- Prohibiting increased health insurance rates to pay for the cost of the acquisition;
- Prohibiting dividends to be paid by Aetna without the express prior approval of DFS for 3 years;
- Prohibiting preferential PBM pricing to any Aetna-affiliated health insurer licensed in New York, to better ensure insurance competitors can continue to fairly purchase PBM services from Caremark;
- Limiting changes to Aetna’s healthcare provider networks for 3 years, including maintaining access to non-chain New York pharmacies;
- Contributing $40 million to New York State, to support health insurance education and enrollment activities and strengthen New York health care transformation activities, which may include payments to the New York State Health Care Transformation Fund
- Requiring an independent third-party audit to assess whether Aetna employees have accessed Confidential Information in violation of firewall policies.
Moreover, the DFS press release noted that “CVS committed at the DFS public hearing in October and as part of the approval process that CVS Health and its subsidiaries will take no action to oppose” legislation requiring a New York license for PBMs to operate.
While the conditional approval agreement addresses to some degree some of the concerns raised by MSSNY over the last year, physicians remain very concerned about the adverse impact to the health care delivery system in New York given the enormous reach of this transaction. MSSNY President Dr. Thomas Madejski stated “We thank the DFS for their efforts to push for legislation to control the ability of PBMs to limit patient access to needed medications. We applaud the extensive review that the DFS provided to this transaction and the conditions they imposed to help minimize the enormous impact that this merger will have on our health care system. We do remain concerned, however, that there may not be sufficient steps imposed to control the enormous power that this merged entity could use to marginalize physician-led medical homes as it expands its corporate driven healthcare model. Physicians fully expect that the merger will further reduce competition in New York’s health insurance market. This is one more reason why physicians deserve the right to collectively bargain against corporate behemoths that seek to limit our ability to deliver needed care to patients.”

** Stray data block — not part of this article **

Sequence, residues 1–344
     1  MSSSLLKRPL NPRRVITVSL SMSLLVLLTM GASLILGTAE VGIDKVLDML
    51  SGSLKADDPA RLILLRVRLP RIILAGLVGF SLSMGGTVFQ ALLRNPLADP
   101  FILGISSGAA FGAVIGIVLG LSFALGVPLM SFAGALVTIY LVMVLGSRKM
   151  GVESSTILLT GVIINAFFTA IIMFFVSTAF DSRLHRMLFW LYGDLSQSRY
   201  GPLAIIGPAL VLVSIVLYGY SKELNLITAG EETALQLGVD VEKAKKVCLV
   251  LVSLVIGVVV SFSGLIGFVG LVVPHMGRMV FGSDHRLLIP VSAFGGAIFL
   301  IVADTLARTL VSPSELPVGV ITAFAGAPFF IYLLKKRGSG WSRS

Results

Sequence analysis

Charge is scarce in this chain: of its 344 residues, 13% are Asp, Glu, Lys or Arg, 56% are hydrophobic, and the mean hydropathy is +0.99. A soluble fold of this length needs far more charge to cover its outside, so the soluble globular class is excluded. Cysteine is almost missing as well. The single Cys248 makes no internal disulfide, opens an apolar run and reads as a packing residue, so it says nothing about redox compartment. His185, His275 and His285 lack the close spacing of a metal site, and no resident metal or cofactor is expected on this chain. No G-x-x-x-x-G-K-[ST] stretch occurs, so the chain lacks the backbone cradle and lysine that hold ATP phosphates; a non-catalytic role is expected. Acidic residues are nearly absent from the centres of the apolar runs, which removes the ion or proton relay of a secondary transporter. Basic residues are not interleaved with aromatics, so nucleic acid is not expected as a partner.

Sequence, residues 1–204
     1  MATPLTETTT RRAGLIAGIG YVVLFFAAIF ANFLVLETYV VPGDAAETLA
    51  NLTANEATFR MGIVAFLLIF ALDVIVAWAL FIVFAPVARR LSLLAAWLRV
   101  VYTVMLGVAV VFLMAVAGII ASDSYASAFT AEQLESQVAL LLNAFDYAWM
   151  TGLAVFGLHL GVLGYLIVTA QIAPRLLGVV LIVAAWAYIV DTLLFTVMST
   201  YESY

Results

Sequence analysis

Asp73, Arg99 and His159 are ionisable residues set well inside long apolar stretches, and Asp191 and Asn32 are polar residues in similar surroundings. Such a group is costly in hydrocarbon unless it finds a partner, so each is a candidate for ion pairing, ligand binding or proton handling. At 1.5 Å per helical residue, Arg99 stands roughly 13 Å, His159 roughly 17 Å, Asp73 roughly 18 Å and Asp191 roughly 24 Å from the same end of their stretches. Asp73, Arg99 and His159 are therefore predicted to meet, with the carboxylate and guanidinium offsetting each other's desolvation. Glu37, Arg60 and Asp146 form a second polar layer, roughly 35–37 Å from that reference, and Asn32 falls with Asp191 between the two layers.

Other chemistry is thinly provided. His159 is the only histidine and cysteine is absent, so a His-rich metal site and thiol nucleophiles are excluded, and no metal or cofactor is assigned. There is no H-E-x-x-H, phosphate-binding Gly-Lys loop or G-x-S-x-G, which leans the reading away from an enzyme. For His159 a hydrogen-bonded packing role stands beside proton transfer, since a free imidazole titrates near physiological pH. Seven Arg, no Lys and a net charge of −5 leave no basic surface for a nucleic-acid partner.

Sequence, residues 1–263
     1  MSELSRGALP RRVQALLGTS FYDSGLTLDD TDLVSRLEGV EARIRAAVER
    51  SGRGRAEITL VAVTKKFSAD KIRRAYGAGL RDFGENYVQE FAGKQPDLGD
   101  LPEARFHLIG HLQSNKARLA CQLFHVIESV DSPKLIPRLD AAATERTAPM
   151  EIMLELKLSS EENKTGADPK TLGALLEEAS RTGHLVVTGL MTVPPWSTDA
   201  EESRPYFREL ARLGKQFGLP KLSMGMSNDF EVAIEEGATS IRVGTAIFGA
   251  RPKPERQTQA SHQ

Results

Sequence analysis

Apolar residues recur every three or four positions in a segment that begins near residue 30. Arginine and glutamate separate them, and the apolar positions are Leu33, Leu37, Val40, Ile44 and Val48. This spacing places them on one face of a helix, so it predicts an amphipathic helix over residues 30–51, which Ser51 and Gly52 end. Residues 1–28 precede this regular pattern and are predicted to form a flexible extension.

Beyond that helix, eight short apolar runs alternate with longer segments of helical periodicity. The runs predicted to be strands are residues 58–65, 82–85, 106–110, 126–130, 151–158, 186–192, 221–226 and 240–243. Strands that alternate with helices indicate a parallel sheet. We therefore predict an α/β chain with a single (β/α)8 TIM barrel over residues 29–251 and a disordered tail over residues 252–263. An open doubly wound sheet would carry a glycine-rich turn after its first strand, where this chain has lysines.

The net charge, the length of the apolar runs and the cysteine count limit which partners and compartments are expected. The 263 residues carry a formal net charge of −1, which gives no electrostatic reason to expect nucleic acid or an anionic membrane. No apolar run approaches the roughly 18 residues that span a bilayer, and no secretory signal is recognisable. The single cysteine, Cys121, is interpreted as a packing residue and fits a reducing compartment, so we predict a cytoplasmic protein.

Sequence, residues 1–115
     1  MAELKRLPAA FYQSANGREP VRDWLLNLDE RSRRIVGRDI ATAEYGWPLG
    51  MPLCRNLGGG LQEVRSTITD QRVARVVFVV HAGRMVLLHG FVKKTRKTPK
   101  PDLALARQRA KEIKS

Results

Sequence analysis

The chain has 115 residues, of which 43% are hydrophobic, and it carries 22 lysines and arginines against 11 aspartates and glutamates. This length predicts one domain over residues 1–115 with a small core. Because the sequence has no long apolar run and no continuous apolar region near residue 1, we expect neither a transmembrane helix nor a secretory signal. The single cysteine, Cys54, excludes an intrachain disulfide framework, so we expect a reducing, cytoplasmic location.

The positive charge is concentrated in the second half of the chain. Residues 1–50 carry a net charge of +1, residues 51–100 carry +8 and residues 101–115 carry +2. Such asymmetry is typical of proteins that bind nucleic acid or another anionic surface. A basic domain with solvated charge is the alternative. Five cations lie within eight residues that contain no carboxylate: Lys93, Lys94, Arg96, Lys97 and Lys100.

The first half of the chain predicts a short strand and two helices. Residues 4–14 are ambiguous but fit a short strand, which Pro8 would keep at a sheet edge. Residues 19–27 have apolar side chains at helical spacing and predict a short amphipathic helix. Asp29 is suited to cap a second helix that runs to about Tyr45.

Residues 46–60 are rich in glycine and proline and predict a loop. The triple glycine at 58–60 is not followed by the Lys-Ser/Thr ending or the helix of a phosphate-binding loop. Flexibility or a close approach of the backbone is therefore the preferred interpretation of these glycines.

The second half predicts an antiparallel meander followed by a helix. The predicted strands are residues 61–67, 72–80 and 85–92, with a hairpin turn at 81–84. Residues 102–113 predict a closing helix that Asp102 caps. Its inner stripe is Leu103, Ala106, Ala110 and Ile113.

If you’re interested, please send the email addresses of the appropriate professionals in your office to email@example.com they can begin to enjoy this daily sweep of healthcare news.
MSSNY Raises Concern with DOH Proposal Regarding Office-Based Surgery Reports
MSSNY has written to the New York State Department of Health to express its concerns and suggested revisions to regulations proposed by the NYSDOH that would require Office-Based Surgery (“OBS”) practices to report cumulative procedural information to NYSDOH. The proposed reporting requirements were published in the New York State Register on October 17 with a 60-day comment period.
The proposed regulation would require each OBS practice to report in a “form and format specified by the Department” information including, but not limited to, practice identifiers, types of procedures, and number of each type of procedure performed in office-based surgery practices. The proposed regulation would also set forth the manner for how adverse events are reported to DOH, as well as grant the DOH discretion to use the data gathered to develop and implement guidelines and criteria for quality improvement.
The MSSNY comments to the NYSDOH note its agreement with the goal of the proposed regulation to help place in context how frequent or rare particular adverse events are occurring in OBS settings, given the importance of quality improvement to assuring patient safety. However, MSSNY expressed concerns with the lack of needed specificity in the proposed regulation, including the specific information OBS practices will be required to report to DOH on an ongoing basis.